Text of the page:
The Mediterranean climate has two clear seasons—the cool wet winter growing season, and the hot dry summer, which routinely experiences 6 months or more without rain and is routine in southern California. Microbes survive and biochemical processes continue even during the driest parts of the long summer. Biofilms, or extracellular polymeric substances (EPS), are thought to be an important means for microbes to survive through physically stressful times, (i.e. drought). Do EPS concentrations increase with the length of the dry season? Do EPS concentrations vary with different levels of carbon (C) inputs? We hypothesize that drier soils will have greater microbial EPS due to the amplified need for survival; additionally, soils with higher C inputs will have more C to allocate to EPS production, but may be dominated by plant produced EPS.
To answer these questions, we manipulated plant cover and dry season length and measured EPS in seasonally dry grassland soils and evaluated pools of total EPS in the soils as well as the mix of sugars making up EPS. Soil cores were collected monthly from our research plots to capture the transition from the dry dormant summer to the wet winter growing season, from July 2014 to February 2015. Because EPS are largely made up of sugars, we used extractable sugar residues as a proxy for EPS and we analyzed them using Gas Chromatography coupled with Mass Spectroscopy (GC-MS).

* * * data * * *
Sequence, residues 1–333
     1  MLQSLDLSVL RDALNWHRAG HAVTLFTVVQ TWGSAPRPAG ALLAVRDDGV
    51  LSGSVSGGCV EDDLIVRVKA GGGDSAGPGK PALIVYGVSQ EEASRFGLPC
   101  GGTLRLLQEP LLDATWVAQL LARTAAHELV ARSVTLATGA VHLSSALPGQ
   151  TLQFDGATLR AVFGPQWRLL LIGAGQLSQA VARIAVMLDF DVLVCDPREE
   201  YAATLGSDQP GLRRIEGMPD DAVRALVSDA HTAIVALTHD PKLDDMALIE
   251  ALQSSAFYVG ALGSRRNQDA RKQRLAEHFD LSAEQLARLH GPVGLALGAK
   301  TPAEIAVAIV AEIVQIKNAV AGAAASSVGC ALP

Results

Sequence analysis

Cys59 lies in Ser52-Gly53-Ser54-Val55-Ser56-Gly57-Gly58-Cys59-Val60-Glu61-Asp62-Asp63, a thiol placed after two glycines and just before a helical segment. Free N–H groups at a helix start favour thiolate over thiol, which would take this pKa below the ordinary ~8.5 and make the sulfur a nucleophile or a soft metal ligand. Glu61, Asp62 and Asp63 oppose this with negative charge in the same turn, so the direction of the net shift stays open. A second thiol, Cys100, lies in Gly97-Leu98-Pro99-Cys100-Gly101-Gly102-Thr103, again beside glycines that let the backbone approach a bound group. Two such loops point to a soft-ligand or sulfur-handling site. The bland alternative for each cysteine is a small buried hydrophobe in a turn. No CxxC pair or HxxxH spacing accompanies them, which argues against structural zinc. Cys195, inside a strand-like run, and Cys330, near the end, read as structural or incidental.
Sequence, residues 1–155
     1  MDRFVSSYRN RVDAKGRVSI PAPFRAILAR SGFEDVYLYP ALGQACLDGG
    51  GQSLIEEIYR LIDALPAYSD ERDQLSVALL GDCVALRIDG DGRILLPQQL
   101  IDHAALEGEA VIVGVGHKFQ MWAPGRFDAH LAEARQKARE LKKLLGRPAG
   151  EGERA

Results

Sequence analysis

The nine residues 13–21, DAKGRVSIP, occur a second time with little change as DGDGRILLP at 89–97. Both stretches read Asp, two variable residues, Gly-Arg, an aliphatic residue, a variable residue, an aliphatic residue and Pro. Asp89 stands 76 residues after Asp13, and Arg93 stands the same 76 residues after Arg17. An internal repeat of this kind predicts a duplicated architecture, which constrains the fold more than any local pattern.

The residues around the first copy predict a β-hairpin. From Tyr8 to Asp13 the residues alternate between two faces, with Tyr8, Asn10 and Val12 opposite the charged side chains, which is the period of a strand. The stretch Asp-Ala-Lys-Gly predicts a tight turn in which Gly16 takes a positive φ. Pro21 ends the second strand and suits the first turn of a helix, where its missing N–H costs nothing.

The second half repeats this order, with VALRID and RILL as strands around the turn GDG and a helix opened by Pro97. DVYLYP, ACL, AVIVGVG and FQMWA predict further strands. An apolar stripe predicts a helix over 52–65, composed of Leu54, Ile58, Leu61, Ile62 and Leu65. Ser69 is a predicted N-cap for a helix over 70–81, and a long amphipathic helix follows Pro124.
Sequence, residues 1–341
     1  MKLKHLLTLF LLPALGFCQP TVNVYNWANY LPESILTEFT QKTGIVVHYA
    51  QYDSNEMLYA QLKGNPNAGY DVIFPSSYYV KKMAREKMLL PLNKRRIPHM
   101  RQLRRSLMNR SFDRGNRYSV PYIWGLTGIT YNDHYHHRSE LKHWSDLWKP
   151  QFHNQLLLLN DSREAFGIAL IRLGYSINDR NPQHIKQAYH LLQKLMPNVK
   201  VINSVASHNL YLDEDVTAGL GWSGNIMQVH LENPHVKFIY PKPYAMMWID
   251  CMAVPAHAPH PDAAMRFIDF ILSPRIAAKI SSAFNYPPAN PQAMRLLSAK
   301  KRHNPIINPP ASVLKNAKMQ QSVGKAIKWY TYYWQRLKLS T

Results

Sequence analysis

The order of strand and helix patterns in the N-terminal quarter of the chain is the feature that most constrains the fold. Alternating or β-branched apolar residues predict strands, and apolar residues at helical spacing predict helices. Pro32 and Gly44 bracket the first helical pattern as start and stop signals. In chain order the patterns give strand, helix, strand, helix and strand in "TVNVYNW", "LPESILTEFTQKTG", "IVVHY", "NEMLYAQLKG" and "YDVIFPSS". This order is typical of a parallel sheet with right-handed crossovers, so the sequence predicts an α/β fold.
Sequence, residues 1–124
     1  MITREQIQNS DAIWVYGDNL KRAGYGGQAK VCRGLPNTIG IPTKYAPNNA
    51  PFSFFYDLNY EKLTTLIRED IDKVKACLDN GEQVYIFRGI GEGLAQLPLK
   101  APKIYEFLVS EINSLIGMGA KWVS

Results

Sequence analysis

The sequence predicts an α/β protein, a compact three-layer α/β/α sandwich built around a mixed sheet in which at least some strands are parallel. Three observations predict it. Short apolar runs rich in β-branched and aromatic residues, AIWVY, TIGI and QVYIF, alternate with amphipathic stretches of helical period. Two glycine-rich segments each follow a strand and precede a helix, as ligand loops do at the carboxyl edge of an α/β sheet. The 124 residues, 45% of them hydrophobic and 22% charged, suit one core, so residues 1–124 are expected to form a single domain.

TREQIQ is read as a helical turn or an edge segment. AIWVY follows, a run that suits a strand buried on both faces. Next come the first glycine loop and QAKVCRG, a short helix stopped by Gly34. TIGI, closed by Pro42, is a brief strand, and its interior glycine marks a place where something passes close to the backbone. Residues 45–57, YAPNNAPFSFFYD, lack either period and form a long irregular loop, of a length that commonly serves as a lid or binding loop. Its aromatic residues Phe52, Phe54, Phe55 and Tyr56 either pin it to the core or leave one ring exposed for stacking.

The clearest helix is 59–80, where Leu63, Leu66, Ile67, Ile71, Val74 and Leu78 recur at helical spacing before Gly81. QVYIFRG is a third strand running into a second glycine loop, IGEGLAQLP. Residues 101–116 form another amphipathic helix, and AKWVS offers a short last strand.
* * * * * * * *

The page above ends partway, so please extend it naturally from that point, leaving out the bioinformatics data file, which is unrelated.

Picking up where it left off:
The GC-MS data shows a significant decrease in sugar concentrations with increased moisture across all sample dates. Drier soils show greater accumulation or production of EPS, which supports our hypothesis. Plant removal does lessen EPS accumulation or increase consumption and drive overall concentrations down slightly.
We conclude that after subjecting the soils to a range of dry season length treatments, there were reductions in EPS production with moist conditions. However, these changes were not as drastic as we expected thus suggesting that other microbial survival mechanisms may be involved.